Carlos and I camped often before kids. It was a fun, carefree and cheap way to traipse around the countryside. I have so many fond memories of lush green campsites in northern Spain, surrounded by impressive mountains and then some rather dry, dusty campsites in central Australia complete with dingos! Quite the contrast. But regardless of where we were in the world, camping always brought back the joy in simplicity and a slow paced life.
So with our youngest recently turning one, we decided it was time to start the camping adventures as a family of 5. We went out and bought the speediest tent on the market (6 minutes to put up apparently), arguably too many torches and some super comfy mattresses (ok so camping now isn’t quite as ‘basic’ as it used to be…). We loaded up the car (or possibly over loaded…) and headed for Cape Otway, some 3 hours south-west of Melbourne, to meet the other two families we were camping with.
Before we left we addressed the important business of food. We organised to take one dinner each. If you are travelling with a group, I highly recommend this – not having to think about cooking every night is a luxury in itself.
Needless to say, being our first camping trip, I’m no expert on the best and most efficient way to organise camp meals. But I do think we ate very well for a group of amatures. So I thought i’d share what we ate while lost in the wilderness of the Otway Ranges, without access to supplies, to hopefully give some inspiration for future camping trips.
Eating a delicious breakfast relaxing under the gum trees (complete with jumping koalas) and the smell of campfire smoke in the air is life at its most basic, and I would say, best. Each morning we fired up the paella pan and cooked eggs with whatever we had on hand. I’d packed all of the vegetables in my fridge that I knew wouldn’t last the 4 days we were away and they become breakfast on day one… homemade sourdough toasted with olive oil from roasted red peppers, sauteed kale, zucchini, fennel, broccoli and spinach with a bit of lemon juice and salt and pepper, eggs, goats cheese, hummus and fresh herbs.
Day two we coated the sourdough bread with confit tomatoes (I’m sure there will be a post about them at some stage, they are my new favourite thing) and topped it with bacon, eggs, spinach, hummus, roasted red peppers, goats cheese and herbs.
Day three we were down to the bare minimum but managed a decent breakfast of sourdough, eggs, fried ham, avocado, feta, chutney, herbs and a squeeze of lemon.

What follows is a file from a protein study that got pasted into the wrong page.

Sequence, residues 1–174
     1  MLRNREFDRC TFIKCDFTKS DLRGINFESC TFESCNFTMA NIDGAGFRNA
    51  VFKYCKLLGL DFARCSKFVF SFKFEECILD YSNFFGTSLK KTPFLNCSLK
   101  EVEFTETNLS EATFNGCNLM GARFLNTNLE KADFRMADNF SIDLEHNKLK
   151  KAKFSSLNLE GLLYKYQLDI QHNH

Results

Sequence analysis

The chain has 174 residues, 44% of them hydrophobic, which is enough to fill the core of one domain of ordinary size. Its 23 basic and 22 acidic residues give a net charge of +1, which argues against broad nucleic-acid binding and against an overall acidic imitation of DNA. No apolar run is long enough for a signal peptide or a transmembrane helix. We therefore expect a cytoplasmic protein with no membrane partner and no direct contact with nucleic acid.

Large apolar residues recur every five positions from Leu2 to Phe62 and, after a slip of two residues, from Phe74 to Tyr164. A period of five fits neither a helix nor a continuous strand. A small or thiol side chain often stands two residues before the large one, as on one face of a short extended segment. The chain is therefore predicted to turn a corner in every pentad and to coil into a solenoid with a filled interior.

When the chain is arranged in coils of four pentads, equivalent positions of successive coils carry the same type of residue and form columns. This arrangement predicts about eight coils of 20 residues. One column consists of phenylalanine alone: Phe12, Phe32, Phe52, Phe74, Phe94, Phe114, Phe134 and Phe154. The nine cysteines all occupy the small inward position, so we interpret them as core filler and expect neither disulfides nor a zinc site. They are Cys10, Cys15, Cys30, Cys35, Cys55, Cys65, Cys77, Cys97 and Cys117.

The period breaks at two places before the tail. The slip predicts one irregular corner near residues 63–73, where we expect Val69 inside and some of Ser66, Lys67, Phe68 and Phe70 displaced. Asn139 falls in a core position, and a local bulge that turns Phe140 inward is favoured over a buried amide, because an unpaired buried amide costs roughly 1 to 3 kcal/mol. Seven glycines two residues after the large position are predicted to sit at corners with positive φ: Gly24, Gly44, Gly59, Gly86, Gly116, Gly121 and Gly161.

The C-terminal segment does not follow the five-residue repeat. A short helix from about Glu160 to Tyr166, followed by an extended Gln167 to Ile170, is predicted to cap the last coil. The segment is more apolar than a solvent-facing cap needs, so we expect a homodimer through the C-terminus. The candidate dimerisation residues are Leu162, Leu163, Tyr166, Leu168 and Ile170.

The kids mostly ate cereal and fruit but wandered over for some eggs when it took their fancy. I took some frozen raspberries (which then of course defrosted) and they were perfect for breakfast toppings. The kids also snacked on homemade fruit bread which is just as good untoasted.
Between the three families, we managed to bring together a decent collection of bits and pieces that formed our lunches and snacks; zucchini slice, confit tomatoes, chutney, eggs, dips, roasted red peppers, vegetables (radishes, carrots, cucumber, cherry tomatoes), a selection of cheeses (tasty, goats, feta, manchego, gouda, brie etc), meats (rolled and sliced ham, salami, fuet, jamon, chorizo etc), dry biscuits, fruit (apples, watermelon, grapes), dried fruits and nuts and of course bread.
Day two we cooked BBQ lamb shoulder on the weber and had it in wraps with coleslaw and a herb salad, hummus and tzatziki. The kids had sausages in bread with carrots and cucumber. Always a winner.
The night we arrived at the camp, we had chilli con carne. A great one to prep beforehand, easy to freeze and re-heat. The kids loved it with rice, avocado, crispy iceberg lettuce, corn chips and yoghurt… a little extra chilli for the adults.
Travelling with two spaniards, it seemed only natural that paella would feature on the menu. I’m not suggesting that paella is quick and easy to make but if you are willing to give it a go, it’s a lovely slow way to cook and more importantly, it feeds a crowd. I packed the frozen seafood on Friday and we cooked it the following evening for dinner on the beach.
On our final night we had beef short rib ragu with pappardelle and freshly grated parmesan (i’ll post the recipe for this one shortly). This was prepared beforehand so all we needed to do was cook the pasta. For the kids – spaghetti bolognese. You can’t really go wrong.
I’m already planning the food supplies for the next trip and I find myself asking if the meals I make at home are camping friendly! I’ll definitely be taking more cheeses and cold meats, dips, nuts and dried fruit.
I know some of you are seasoned campers… I’d love to hear your go-to camping meals or tips and tricks for camping with kids (you can write in the comments below).